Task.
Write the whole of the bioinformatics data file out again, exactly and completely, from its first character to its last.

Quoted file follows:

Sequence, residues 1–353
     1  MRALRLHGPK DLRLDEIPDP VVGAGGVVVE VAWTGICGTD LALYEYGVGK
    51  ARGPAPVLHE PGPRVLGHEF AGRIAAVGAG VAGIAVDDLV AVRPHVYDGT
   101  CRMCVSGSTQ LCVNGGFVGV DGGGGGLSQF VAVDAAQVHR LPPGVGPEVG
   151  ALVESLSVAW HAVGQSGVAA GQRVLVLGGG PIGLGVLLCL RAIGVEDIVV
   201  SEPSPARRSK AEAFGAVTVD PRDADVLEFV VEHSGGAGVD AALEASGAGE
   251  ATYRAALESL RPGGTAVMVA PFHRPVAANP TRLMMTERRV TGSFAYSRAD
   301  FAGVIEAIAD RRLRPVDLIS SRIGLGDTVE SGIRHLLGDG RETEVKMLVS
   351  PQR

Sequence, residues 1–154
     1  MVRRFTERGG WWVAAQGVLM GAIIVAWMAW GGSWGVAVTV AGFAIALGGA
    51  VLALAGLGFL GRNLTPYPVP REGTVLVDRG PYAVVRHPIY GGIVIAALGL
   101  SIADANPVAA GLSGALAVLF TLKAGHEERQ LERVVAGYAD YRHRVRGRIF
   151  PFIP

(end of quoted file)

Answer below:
Sequence, residues 1–353
     1  MRALRLHGPK DLRLDEIPDP VVGAGGVVVE VAWTGICGTD LALYEYGVGK
    51  ARGPAPVLHE PGPRVLGHEF AGRIAAVGAG VAGIAVDDLV AVRPHVYDGT
   101  CRMCVSGSTQ LCVNGGFVGV DGGGGGLSQF VAVDAAQVHR LPPGVGPEVG
   151  ALVESLSVAW HAVGQSGVAA GQRVLVLGGG PIGLGVLLCL RAIGVEDIVV
   201  SEPSPARRSK AEAFGAVTVD PRDADVLEFV VEHSGGAGVD AALEASGAGE
   251  ATYRAALESL RPGGTAVMVA PFHRPVAANP TRLMMTERRV TGSFAYSRAD
   301  FAGVIEAIAD RRLRPVDLIS SRIGLGDTVE SGIRHLLGDG RETEVKMLVS
   351  PQR

Sequence, residues 1–154
     1  MVRRFTERGG WWVAAQGVLM GAIIVAWMAW GGSWGVAVTV AGFAIALGGA
    51  VLALAGLGFL GRNLTPYPVP REGTVLVDRG PYAVVRHPIY GGIVIAALGL
   101  SIADANPVAA GLSGALAVLF TLKAGHEERQ LERVVAGYAD YRHRVRGRIF
   151  PFIP